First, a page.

April 26, 2019

Corrections Corner / Deacon Marc Kellams

Corrections ministry aims to bring Christ to those in prison

Deacon Marc KellamsWelcome to “Corrections Corner.” As the new coordinator of Corrections Ministry for the Archdiocese of Indianapolis, I am pleased to kick off this new monthly column with a brief explanation of who we are and what we do. Each month, I will address a different topic of interest in our ministry.

The Corrections Ministry Office was established under the direction of Archbishop Joseph W. Tobin in 2016. A task force was created, and with the able assistance of our first coordinator Lynne Weisenbach and grant funding from longtime prison ministry volunteers Teresa and Bernie Batto, the office got off to a running start. After the office was operating as intended, Lynn decided it was time for her to move on and turn the office over to someone who would continue the good work she had begun.

I retired at the end of 2018 as a criminal court judge in the Monroe Circuit Court after 40 years of judicial service, and although I started “very part time” on July 1, 2018, I didn’t really begin as coordinator until January. I am thrilled to be given the opportunity and hope that my experience with the criminal justice system will be an asset as I learn my way around the world of corrections.

I was ordained a permanent deacon in June of 2008 and have been serving since at my home parish of St. Charles Borromeo in Bloomington. My goal is to blend my ministry as a deacon and my experience in criminal law to fulfill the mandate given to me, and to all of us, to serve as Matthew instructs, “When I was in prison you visited me” (Mt 25:36).

I work with a committee of 10 men and women dedicated to bringing Christ to those who are incarcerated. They, along with more than 120 volunteers, participate in some aspect of corrections ministry.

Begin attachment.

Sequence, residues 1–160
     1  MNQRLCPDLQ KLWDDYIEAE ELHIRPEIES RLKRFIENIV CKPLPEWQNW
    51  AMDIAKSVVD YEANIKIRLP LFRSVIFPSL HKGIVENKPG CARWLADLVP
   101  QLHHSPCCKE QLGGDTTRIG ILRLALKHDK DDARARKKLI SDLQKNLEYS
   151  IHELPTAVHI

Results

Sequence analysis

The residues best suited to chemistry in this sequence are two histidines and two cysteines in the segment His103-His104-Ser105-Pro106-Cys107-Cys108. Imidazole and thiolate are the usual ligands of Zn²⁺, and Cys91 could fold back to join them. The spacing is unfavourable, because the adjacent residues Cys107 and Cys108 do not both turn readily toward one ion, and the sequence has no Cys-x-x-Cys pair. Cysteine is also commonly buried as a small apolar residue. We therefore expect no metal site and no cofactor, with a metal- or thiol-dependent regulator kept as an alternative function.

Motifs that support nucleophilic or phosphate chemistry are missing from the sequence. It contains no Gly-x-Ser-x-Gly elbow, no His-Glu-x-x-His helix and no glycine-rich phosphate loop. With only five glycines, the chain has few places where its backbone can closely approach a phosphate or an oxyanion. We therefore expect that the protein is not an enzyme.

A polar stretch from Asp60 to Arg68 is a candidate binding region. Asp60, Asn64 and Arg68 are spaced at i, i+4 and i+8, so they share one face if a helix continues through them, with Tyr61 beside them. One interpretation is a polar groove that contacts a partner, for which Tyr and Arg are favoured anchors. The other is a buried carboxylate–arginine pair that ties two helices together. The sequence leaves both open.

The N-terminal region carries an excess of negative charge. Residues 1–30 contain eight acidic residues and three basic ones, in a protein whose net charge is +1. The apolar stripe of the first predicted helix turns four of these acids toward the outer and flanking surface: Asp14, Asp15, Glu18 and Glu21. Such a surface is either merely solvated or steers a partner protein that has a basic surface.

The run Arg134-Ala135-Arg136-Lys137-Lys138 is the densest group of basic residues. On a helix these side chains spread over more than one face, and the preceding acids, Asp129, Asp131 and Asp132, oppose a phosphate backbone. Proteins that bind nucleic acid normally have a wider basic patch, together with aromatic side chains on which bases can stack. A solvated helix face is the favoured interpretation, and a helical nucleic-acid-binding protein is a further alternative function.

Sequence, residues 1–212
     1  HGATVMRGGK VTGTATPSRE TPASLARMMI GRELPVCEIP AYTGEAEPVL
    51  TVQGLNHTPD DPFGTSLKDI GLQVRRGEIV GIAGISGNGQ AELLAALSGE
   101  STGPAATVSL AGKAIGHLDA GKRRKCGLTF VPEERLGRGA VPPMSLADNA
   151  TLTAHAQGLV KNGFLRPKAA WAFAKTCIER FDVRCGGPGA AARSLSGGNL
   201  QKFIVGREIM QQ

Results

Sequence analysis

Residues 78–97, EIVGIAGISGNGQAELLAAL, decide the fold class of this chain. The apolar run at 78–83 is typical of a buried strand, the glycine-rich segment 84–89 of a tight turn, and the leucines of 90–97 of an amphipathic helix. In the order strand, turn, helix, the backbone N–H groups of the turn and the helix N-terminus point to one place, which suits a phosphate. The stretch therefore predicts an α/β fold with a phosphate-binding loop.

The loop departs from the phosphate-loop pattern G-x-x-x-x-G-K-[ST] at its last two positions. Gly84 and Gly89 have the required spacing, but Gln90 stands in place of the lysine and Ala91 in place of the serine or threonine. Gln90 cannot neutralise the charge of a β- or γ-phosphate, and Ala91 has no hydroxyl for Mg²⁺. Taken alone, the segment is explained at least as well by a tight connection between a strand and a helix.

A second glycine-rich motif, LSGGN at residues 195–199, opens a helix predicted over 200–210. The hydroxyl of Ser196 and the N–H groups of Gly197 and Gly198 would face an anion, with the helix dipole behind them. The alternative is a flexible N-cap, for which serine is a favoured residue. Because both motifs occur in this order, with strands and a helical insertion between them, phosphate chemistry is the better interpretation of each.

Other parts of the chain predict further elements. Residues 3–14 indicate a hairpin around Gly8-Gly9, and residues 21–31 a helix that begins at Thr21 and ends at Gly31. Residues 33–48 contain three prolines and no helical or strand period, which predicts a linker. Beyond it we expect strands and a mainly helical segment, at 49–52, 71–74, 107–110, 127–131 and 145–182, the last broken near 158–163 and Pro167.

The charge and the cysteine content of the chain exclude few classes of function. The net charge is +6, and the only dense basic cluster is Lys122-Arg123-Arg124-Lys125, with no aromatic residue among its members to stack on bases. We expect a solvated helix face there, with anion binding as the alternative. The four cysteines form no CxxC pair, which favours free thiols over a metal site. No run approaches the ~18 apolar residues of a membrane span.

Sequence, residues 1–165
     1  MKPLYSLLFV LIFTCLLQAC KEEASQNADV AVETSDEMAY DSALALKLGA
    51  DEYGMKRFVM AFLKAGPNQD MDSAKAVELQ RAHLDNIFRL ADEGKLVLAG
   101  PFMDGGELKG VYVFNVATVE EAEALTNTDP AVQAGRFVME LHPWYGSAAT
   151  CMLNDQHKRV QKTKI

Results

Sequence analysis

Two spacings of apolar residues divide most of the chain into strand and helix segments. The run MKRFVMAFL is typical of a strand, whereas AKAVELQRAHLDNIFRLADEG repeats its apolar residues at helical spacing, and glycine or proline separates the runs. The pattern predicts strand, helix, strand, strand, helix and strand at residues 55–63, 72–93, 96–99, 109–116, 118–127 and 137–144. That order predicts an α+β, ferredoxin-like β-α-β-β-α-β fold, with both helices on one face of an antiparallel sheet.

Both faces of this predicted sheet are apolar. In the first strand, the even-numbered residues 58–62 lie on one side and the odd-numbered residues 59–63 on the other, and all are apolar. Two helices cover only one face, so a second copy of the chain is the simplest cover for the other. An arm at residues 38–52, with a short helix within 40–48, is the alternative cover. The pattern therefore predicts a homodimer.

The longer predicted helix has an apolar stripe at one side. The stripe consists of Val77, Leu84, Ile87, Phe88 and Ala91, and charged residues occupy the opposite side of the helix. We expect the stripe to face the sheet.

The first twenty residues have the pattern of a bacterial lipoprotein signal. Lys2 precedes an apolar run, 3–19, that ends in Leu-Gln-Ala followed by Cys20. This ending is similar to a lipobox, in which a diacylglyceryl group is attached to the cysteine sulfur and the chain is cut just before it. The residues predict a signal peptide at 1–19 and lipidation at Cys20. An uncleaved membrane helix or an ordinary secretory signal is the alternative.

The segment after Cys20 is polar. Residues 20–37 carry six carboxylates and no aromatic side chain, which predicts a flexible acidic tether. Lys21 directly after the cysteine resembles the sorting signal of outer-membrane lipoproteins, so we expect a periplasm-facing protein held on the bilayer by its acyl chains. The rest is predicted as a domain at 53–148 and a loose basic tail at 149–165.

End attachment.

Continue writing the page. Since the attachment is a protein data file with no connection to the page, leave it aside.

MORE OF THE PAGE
Many of these faithful volunteers enter the various penal facilities for regular visits and Communion services. Priests celebrate Mass, hear confessions and anoint those who are sick. There is catechesis of Rite of Christian Initiation of Adults (RCIA) and Bible study. Often, there is counseling and prayer.

This office will be planning regular training sessions for volunteers to help them understand the rules of the various correctional institutions, and to be informed of how the Church teaches us to be good missionaries. We help facilitate transportation to families for visits, and hope to soon expand our efforts to provide mentoring for those released from prison upon re-entry into society.

Archbishop Charles C. Thompson is enthusiastically supporting this ministry, and to date he has visited seven of the 10 state and federal correctional facilities. His goal is to visit them all and then start the rotation all over. We are grateful for his support.

We are busy continuing to develop this ministry. There is much work left to do. I look forward to being of assistance to any of you and to hearing from you if you have any helpful advice. Feel free to contact me at mkellams@archindy.org or call 317-592-4012. †

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